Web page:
For 39 years, I have lived with sickle cell disease. As of late, the sickle cell community has heard a lot of excitement about gene therapy’s potential to be the cure we’ve all been waiting for. That potential took a step toward fulfillment Friday when the Food and Drug Administration approved Casgevy from Vertex Pharmaceuticals’ and Lyfgenia from Bluebird Bio, both gene therapy treatments for people with sickle cell.
Yet I find myself teetering between excitement and skepticism. I am thrilled that research for sickle cell disease treatments and possible cures has blossomed. However, I worry that the celebration around this approval is ignoring a significant barrier: a historic legacy of medical mistrust.
The Tuskegee Syphilis Study and the story of Henrietta Lacks are haunting chapters in the history of medical research. But as Harriet Washington’s excellent book “Medical Apartheid” describes, these are not the only historical medical traumas affecting the Black community’s relationship with health care, the drug industry, and providers alike. The unethical and inhumane treatment of our ancestors has sown seeds of doubt and mistrust that persist to this day, with three-quarters of Black Americans saying they are familiar with the misconduct in the Tuskegee Study and that it contributes to a collective hesitancy when it comes to embracing medical advancements. This backdrop cannot be ignored as we witness the rapid development and commercialization of gene therapies for sickle cell, a disease that, in the U.S., primarily affects Black people. One study found that in 2016-2018, more than 93% of those with sickle cell who were hospitalized were Black.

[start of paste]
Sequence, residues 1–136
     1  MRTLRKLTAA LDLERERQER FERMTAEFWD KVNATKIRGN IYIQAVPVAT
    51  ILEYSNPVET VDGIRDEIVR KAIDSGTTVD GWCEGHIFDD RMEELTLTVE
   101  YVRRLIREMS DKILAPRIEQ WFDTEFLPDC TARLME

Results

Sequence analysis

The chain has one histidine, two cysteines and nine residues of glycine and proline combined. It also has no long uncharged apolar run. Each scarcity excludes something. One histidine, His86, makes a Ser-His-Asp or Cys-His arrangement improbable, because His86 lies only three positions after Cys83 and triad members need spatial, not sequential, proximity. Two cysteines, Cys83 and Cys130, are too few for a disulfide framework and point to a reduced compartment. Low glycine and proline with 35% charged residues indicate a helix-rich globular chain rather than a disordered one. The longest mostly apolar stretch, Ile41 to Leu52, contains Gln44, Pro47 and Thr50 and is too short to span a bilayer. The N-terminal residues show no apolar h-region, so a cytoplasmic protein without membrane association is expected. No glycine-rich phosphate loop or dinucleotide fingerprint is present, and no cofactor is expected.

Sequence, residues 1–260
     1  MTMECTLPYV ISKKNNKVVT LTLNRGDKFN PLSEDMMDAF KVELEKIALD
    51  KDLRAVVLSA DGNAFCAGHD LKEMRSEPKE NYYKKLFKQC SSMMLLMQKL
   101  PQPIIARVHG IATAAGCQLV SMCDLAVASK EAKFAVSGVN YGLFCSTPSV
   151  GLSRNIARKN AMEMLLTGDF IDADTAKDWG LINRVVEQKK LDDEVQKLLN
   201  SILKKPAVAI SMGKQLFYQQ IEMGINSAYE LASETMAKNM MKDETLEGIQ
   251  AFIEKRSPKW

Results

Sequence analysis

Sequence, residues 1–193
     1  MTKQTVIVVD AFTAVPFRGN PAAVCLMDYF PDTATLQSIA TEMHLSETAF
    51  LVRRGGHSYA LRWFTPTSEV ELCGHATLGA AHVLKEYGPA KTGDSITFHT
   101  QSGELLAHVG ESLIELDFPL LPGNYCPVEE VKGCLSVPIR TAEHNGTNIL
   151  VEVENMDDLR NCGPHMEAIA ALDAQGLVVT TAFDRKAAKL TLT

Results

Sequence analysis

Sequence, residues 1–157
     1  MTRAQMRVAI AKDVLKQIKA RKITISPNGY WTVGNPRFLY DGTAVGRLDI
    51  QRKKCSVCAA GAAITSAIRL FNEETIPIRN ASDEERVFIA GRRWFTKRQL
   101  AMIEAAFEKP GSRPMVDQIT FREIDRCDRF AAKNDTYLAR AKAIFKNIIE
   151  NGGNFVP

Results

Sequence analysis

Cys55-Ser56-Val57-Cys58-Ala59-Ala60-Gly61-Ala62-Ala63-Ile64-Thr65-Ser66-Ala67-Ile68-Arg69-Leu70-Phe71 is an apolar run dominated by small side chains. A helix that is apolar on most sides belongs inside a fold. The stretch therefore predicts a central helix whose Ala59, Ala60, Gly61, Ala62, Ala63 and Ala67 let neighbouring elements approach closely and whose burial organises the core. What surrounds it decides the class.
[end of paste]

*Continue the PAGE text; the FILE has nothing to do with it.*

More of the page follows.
Many of us living with sickle cell have learned to live with the disease. We understand personalized triggers and how to handle them. As a mother, my primary goal is to maintain my health and avoid debilitating crises with the least possible risk. And, as I’ve heard many individuals people impacted by this disease say, sickle cell disease is the devil I already know and live with. Why would I risk exchanging it for another?
Opting for a new therapy is not an easy decision. Gene therapy requires long hospital stays, meaning time away from families, children, and work, constant support from staff and doctors, and astronomical medical bills, not to mention the associated medical risks, including infertility, increased cancer risk, and treatment-related mortality.
And those who live with sickle cell disease know that the more time you spend within the medical system, the more opportunities you will face for being misunderstood, mistreated, or overlooked. A recent study found that 50% of individuals people living with sickle cell disease wait more than 120 minutes in the emergency room before their pain is treated.
If the companies developing these gene therapies want to succeed, they need to understand and have compassion for the challenges patients face every day, both in receiving basic care and in navigating a health care system riddled with biases and systematic racism. Right now, I often see the health care system as a potential adversary instead of an ally in many places.